Books offer children a glimpse into the world they may not see when looking out the window. Reading can spark a child's imagination, strengthen a family bond, or offer information not easily found. Whatever your reason, getting books into the hands of all children is possible with the help of programs and places that provide free books to kids.
Free Books for Any Child
People often think that free items are only available to those who qualify or that the items are somehow of inferior quality. The truth is, children of all ages and backgrounds have access to great free books through these amazing resources:
- Dolly Parton's Imagination Library was born from the performer's desire to give back to the community. Her Imagination Library, which was started in 1995 in Sevier County, Tennessee, provides books to preschool children every month from the time they are born until the child's fifth birthday. The program has been adopted in a number of communities all over the United States, Canada, and the United Kingdom and is financed by local businesses, civic organizations, government agencies, school districts, and individuals. Check out the website to see if your community is already involved in this great program.
- The Little Free Library is a non-profit based in Wisconsin. People around the world can buy or build a small enclosed bookshelf on a post to keep in a public area of their community. Any community member can then leave books in the little free library as well as take books from it. This program instills a sense of community while promoting literacy for all.
National Reading Programs
Many large corporations and businesses offer reading rewards programs throughout the year or just during summer months for children.
- Barnes and Noble hosts a summer reading program where first through sixth graders can earn a free book after reading eight books.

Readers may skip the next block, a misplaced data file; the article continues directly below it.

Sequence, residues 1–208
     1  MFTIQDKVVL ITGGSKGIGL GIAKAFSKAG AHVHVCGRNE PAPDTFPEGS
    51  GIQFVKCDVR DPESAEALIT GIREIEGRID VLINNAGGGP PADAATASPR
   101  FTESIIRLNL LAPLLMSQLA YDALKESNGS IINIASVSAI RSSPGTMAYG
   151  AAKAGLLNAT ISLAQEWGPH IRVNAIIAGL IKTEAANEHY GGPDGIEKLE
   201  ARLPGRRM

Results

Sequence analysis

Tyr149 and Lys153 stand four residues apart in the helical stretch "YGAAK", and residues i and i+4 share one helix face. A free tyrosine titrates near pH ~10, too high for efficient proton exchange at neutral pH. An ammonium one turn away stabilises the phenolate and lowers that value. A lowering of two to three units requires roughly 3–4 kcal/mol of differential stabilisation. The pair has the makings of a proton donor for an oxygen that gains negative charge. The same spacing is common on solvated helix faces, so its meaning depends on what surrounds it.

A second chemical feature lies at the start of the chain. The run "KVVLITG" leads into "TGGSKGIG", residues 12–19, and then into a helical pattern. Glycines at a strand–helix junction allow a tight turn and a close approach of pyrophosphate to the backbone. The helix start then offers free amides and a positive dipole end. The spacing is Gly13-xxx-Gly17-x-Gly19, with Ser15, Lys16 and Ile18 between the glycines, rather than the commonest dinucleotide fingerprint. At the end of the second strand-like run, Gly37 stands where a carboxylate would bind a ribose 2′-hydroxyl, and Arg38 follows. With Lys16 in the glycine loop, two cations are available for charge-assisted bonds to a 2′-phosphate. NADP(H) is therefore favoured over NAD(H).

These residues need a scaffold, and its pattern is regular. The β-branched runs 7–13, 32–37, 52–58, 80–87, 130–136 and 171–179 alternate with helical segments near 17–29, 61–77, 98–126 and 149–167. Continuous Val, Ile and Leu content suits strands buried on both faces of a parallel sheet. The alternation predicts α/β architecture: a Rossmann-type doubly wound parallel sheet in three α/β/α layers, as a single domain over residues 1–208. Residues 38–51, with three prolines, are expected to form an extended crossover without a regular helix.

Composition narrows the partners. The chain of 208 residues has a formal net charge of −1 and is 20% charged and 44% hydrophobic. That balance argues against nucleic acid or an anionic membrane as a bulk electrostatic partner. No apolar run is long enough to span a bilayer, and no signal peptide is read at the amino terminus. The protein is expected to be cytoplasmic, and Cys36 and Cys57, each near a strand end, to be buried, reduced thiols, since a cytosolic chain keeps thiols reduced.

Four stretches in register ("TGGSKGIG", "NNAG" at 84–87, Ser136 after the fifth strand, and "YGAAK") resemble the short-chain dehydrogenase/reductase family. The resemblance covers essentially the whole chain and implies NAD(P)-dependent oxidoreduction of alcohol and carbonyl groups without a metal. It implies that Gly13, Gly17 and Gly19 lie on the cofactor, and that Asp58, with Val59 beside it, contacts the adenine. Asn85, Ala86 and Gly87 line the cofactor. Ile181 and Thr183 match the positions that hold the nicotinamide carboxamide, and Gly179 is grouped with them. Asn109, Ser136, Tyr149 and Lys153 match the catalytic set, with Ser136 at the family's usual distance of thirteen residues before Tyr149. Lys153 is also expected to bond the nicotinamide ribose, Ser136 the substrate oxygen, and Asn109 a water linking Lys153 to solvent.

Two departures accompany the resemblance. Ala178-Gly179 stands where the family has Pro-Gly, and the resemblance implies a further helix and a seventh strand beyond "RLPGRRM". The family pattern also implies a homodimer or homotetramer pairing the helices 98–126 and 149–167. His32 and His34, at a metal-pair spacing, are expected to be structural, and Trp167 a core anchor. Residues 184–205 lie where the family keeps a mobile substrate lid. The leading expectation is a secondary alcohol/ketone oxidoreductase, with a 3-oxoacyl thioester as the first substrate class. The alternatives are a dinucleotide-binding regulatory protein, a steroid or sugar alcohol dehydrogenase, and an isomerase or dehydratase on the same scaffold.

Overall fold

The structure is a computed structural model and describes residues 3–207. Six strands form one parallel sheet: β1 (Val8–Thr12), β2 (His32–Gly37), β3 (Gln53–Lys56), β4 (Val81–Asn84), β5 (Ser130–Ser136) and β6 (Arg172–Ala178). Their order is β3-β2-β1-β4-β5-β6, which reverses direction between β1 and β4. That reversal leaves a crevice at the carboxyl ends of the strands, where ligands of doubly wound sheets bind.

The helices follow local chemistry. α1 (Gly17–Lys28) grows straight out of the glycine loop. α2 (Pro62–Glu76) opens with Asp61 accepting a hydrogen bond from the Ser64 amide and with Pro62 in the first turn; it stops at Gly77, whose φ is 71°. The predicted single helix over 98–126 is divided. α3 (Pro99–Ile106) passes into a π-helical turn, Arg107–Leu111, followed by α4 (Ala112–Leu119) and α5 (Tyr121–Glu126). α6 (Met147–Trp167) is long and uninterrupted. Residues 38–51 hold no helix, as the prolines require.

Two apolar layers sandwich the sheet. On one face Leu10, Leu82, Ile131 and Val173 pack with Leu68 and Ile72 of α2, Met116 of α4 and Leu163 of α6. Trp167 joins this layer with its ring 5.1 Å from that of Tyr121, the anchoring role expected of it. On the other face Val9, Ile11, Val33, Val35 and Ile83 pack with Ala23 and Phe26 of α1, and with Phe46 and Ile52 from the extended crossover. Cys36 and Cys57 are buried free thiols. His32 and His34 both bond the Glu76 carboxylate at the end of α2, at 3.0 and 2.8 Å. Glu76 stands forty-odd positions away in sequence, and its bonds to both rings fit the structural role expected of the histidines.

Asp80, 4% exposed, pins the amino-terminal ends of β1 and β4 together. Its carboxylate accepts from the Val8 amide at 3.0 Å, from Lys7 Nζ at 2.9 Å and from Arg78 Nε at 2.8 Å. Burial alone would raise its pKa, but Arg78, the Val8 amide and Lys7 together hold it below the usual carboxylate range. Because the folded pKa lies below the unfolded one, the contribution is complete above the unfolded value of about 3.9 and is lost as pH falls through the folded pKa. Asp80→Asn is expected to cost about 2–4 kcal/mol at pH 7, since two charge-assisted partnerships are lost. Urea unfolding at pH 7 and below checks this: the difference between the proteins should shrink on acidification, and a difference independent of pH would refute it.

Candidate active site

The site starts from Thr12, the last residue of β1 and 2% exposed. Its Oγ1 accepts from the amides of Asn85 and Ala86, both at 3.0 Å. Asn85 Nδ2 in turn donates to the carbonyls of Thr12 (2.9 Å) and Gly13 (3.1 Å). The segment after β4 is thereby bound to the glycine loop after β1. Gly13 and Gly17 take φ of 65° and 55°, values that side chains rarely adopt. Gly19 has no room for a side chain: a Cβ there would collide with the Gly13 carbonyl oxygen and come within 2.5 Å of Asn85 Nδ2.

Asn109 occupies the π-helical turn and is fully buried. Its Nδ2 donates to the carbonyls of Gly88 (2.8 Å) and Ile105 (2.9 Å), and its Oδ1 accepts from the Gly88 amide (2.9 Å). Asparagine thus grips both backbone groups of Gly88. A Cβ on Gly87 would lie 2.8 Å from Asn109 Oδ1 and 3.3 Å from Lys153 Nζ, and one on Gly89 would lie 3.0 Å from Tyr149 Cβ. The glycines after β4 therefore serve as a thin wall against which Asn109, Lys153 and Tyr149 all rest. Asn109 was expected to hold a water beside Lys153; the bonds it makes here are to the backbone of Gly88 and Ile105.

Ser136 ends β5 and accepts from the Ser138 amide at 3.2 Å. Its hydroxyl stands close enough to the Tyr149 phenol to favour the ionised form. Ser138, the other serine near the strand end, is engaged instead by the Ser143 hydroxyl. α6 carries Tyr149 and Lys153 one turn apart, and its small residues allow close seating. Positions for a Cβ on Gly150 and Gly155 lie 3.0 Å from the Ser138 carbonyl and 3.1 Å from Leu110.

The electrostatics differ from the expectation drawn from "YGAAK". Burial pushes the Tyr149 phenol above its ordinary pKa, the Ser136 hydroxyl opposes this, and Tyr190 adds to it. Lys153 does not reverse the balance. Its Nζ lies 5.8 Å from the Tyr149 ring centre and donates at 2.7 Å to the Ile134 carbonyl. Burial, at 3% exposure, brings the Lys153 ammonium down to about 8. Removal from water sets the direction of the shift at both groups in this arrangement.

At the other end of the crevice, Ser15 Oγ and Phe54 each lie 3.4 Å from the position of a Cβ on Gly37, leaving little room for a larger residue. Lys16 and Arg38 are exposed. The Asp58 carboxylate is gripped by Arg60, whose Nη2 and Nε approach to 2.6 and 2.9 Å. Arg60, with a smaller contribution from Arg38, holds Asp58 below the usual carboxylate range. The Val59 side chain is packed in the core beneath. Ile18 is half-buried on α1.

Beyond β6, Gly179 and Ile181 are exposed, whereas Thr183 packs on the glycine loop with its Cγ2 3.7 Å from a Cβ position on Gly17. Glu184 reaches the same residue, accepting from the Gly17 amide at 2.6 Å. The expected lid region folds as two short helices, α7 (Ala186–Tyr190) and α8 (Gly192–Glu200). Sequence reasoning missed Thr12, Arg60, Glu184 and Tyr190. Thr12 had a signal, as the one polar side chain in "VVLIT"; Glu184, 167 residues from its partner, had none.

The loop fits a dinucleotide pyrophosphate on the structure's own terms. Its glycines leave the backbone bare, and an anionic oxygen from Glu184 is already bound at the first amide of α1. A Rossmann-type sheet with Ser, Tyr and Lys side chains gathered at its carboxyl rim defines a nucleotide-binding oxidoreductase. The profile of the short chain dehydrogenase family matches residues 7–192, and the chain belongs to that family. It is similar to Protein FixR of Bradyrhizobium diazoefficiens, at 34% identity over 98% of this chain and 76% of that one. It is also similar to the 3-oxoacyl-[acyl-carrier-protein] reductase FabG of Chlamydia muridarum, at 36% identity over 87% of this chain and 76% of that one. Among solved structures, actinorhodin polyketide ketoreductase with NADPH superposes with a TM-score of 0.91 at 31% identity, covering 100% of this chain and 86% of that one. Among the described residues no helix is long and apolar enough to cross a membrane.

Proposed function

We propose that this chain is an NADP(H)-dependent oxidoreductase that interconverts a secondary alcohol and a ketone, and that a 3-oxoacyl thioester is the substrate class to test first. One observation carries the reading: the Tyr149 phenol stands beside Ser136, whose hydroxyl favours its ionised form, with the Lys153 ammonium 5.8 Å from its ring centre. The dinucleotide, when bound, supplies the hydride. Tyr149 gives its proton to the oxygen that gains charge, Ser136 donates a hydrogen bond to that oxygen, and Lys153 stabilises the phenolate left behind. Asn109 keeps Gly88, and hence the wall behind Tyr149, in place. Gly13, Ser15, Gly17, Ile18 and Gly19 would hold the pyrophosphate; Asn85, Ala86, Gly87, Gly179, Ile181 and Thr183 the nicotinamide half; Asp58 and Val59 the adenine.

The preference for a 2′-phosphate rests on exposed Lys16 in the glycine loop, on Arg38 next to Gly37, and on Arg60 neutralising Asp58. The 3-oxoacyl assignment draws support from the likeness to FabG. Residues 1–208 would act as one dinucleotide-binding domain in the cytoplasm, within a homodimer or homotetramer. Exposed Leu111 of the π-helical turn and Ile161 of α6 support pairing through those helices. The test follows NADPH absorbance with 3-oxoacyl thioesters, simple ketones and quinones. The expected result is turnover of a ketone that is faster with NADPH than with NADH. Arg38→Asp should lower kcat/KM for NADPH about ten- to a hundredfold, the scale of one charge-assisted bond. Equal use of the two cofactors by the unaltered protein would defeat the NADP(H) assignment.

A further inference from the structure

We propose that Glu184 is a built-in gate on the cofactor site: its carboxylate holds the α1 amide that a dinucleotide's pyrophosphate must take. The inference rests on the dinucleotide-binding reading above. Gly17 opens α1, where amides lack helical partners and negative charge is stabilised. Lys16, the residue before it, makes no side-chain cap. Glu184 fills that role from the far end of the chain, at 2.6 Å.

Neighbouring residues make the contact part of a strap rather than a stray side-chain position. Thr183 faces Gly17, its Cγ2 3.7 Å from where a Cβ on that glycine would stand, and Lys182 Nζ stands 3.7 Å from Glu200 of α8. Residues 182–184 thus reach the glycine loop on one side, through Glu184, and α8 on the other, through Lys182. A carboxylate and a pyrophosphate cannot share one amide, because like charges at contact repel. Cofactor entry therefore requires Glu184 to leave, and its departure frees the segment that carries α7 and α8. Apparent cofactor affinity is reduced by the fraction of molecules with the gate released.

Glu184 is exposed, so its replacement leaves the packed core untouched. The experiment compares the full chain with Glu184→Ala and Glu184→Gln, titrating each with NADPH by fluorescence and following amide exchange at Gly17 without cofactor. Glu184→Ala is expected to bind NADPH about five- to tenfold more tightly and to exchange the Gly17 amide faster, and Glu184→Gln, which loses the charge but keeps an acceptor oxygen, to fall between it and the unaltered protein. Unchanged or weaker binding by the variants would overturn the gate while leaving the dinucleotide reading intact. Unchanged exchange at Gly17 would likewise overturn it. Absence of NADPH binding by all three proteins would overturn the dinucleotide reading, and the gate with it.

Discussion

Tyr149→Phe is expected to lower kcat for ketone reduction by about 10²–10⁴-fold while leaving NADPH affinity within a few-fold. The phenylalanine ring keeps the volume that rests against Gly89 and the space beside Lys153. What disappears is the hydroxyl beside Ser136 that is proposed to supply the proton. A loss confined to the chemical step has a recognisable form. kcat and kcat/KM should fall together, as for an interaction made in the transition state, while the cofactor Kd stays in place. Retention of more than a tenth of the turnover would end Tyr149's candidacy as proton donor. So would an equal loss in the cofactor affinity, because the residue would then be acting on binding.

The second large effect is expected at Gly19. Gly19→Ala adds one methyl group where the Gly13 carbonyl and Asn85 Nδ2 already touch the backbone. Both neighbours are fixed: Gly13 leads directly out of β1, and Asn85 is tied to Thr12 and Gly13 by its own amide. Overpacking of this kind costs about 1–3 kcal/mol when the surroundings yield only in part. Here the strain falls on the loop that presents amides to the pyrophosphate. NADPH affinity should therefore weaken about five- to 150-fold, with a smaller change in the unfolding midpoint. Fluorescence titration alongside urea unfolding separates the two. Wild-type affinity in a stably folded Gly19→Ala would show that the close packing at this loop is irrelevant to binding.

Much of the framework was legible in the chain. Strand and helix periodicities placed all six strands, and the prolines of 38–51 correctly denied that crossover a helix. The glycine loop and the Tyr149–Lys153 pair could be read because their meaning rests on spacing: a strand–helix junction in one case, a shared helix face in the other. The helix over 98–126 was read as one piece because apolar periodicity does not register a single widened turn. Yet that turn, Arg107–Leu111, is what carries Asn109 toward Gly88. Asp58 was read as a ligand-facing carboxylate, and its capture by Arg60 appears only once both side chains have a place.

- Pizza Hut's Book It! Program rewards children who meet reading goals with pizza. Children who participate during the entire program can be entered to win books such as the 2015-2016 giveaway which includes a 100-book library and a Kindle e-reader.
Many authors, publishing companies, and bookstores hold regular giveaways to promote new books or authors. For example, New York Times Best-selling author, Chris Grabenstein posts giveaways regularly in his subscriber newsletter as well as on social media. If your child has a favorite author, look for their website or follow them on social media to see when there are giveaways of free books and promotional items.
Large book publishers like Penguin promote giveaways on social media as well as via email to subscribers of their newsletters. Every children's book should have a publisher listed somewhere inside or on the covers. Take a look at which publishers represent most of your child's favorite books and look for their websites to subscribe. While there is no guarantee your child will win, these giveaways can be a fun way to learn more about your child's favorite authors, books, and publishers.
A book swap is very similar to a book exchange, but swaps are largely done online and do have a small cost associated with postage. In a book exchange, the people donating books don't necessarily receive books in return. In a book swap, both parties receive books. Websites such as PaperBack Swap allow members to trade used books with others around the world. Essentially, you post books you would like to give away and pay the postage to send them to the person who requests them. Then you can request books from others and they pay the postage to send them to you.